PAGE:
I’ve always done reasonably well in school, that is why it was a shock when I received a D- on a paper I had written. Now it wasn’t my favorite class (administrative law) and only counted as a small percentage of my overall grade. I went through the expected cycle: shock, denial, anger and depression. I then, as usual, began looking for the underlying reason, not only to my abysmal grade, but why I, and others it turns out, reacted with such emotional clamor and oh yes there was clamor.
The reason for the mental distress is the same reason a crushing defeat at the last minute in football stings so much or why movies that lead you through a spectacular build-up and fall flat with a mediocre ending leave you dejected. It is called the peak-end rule, a mental heuristic we all possess. Take the case of Yahoo researcher, Cameron Marlow,
In the case of my vacation, the last high-point of my time in Europe was in Florence, followed by one brief day in Copenhagen. Not that there’s anything wrong with Denmark, but that day ends up coming up in more of my conversations than the rest of the trip because that is how memory works (that and blood jello is really, really disgusting). If you’re planning any trips soon, make sure to end on a high note, because you will be the one telling the stories.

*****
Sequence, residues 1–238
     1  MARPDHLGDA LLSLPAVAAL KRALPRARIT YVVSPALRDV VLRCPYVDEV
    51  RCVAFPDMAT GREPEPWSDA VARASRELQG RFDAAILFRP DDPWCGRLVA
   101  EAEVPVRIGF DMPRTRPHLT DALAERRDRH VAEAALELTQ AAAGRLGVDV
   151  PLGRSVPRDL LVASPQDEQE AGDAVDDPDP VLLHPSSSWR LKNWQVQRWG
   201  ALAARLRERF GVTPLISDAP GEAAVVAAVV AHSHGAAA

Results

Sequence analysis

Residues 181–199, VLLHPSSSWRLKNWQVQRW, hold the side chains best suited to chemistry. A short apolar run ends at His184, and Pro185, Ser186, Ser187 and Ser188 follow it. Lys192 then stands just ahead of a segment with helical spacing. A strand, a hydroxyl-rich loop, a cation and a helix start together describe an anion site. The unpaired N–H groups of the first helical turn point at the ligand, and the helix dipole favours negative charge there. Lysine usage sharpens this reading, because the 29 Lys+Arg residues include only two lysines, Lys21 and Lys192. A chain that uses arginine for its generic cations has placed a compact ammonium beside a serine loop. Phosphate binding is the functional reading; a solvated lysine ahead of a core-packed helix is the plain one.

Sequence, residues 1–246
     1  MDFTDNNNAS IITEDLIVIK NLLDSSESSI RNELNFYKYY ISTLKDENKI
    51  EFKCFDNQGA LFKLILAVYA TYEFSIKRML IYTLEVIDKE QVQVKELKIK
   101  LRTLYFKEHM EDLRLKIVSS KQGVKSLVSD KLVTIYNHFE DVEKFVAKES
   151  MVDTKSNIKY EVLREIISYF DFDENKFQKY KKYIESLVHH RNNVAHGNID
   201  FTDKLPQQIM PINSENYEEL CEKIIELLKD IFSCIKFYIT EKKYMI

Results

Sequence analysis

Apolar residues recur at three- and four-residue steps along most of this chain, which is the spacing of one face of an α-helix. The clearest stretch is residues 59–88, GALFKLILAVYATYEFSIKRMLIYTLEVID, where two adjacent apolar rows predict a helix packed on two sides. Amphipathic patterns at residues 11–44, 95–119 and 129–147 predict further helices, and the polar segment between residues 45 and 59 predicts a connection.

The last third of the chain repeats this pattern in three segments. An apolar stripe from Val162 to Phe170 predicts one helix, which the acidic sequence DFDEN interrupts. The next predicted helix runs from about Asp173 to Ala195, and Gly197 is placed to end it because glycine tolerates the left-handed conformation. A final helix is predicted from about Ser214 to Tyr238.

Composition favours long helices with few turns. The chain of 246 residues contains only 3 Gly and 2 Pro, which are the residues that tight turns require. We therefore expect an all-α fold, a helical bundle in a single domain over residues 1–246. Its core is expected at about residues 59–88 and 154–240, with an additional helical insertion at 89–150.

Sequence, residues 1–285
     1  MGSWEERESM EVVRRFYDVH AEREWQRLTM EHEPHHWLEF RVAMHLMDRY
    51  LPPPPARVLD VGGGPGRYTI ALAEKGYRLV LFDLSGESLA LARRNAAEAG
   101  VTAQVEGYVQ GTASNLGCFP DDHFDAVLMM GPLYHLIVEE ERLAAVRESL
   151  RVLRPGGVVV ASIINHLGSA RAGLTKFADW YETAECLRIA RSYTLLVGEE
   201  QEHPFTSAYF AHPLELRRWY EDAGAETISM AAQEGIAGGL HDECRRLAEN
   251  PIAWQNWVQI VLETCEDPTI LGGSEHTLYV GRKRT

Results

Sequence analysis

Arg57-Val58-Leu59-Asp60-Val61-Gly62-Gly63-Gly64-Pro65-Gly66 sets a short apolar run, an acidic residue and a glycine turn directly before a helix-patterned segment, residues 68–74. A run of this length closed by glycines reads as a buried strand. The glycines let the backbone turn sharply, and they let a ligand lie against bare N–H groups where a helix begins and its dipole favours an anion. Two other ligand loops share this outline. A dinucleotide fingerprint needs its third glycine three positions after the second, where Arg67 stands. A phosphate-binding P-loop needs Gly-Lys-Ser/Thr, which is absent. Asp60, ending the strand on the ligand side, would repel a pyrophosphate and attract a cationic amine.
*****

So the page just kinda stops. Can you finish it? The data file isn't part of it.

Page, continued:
In my situation, the feeling that everything was going well was partially rooted in the lack of direction and expectations set by the professor. When the grades were received, those who misinterpreted the scope of the assignment were obviously distressed. Since these concerns were addressed with the professor following this initial assignment, everyone proceeded with a clear understanding going forward.
Unfortunately higher education is not the only place this lack of common direction exists, supervisors and managers are guilty of the same actions. Goals are poorly set with few guidelines, leading to an atmosphere were employees become complacent or pursue the wrong development plans. Some managers go so far as to ask employees to set their own training objectives with little support, then chastise them when they fail to live up to the internal expectations the manager initially had conceived but failed to communicate. When a performance review is finally conducted, generally every six months, employees are left confused and irritated with diminished morale.